Brainstorming a new novel

Brainstorming a new novel. Fun and scary at the same time! I have found that if I am not organized, I write a draft that will never see the light of day because the entire plot and characters will change. That means another first draft and so on. So, for me, spending some time up front helps me complete a novel quicker.

I usually have the main characters and the setting in mind. With that information, I use Jeff Gerke’s How to Find Your Story real quick. Leave as many blanks as I need, just keep my characters in mind and answer all the questions possible. This helps me flesh out the characters better.

Then I go through some My Book Therapy questions. These questions push me to find the deeper motivations of my characters. Along with the MBT question, I write out the Goal, Motivation and Conflict chart. Here is my new character chart.

Now I know my characters and Jeff’s tool helped me come up with storyline’s. This is when I come up with my plot. Starting with my inciting incident and ending with the black moment and realization. In the middle, I have turning points that I follow (Robin has a great handout that can be purchased).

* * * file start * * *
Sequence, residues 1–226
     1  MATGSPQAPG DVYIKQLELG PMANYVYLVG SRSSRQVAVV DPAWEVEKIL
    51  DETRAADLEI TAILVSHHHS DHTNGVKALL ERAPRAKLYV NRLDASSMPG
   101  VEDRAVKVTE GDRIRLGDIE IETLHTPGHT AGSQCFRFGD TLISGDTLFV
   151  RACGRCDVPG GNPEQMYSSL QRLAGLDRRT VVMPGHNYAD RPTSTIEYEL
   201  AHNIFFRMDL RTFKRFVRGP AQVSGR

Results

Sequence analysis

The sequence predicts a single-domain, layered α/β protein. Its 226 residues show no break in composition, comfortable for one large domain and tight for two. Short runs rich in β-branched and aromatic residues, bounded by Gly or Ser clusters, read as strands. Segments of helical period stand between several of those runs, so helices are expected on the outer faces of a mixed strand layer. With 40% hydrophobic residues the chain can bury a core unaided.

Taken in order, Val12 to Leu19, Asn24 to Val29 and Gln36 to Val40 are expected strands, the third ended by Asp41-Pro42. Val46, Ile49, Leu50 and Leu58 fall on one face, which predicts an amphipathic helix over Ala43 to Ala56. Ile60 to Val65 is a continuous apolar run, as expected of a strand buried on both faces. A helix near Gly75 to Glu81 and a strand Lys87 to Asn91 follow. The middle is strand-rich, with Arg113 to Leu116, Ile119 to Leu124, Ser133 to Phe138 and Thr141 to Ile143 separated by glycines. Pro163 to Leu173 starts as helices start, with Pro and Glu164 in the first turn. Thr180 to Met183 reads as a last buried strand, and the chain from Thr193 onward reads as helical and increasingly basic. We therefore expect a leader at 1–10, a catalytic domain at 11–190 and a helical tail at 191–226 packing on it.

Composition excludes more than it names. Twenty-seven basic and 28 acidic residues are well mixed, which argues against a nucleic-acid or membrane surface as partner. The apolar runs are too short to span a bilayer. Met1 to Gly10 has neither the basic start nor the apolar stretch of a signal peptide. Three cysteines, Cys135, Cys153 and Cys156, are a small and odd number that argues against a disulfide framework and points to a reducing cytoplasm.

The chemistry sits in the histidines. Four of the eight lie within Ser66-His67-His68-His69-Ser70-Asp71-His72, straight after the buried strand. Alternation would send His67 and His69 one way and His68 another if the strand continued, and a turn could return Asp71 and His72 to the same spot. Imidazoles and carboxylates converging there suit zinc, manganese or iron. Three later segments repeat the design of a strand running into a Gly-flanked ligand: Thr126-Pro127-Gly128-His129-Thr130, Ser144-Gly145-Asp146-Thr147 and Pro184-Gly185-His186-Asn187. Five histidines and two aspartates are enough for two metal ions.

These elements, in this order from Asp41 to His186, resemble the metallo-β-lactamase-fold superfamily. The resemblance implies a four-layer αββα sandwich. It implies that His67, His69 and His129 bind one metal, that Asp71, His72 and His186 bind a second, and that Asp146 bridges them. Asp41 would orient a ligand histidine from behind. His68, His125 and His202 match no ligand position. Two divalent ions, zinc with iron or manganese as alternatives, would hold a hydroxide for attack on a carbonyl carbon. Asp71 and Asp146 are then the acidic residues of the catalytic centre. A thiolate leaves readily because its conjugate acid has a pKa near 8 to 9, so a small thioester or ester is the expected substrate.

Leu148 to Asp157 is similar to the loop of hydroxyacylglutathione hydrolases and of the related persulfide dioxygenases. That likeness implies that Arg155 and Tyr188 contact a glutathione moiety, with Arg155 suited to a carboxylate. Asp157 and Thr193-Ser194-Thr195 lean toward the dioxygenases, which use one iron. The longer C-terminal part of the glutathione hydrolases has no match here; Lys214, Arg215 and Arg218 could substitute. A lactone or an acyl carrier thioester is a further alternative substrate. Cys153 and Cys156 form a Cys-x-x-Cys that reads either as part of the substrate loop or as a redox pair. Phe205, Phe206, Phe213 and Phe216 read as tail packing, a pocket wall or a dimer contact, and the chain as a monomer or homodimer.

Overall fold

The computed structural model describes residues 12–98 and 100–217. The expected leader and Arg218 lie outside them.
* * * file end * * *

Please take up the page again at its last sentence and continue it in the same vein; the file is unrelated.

After all this work, I pray that my characters and plot won’t change too much in my first draft!


2 Responses to “Brainstorming a new novel”

  1. Sounds like a good methodology. I’m familiar with the MBT and GMC stuff, but not Jeff or Robin’s tools. Since every time I jump back into my wip, this character stuff starts changing in my mind, your chart might be a good way to go.

  2. Patricia,
    Thanks for reading 🙂

    Another thing I do is a novel binder. I print (or clip from magazines) photos for each of my characters. And also for my locations. I place all of that stuff in my binder along with this character chart. I’m working on a novel in North Carolina right now in three towns. So I printed a map of the state and highlighted where my fictitious towns were located.
    I’ll blog in a few weeks about an EXCELL spreadsheet that I use as well. These tools are helpful when you put a project down for a period of time. Heidi

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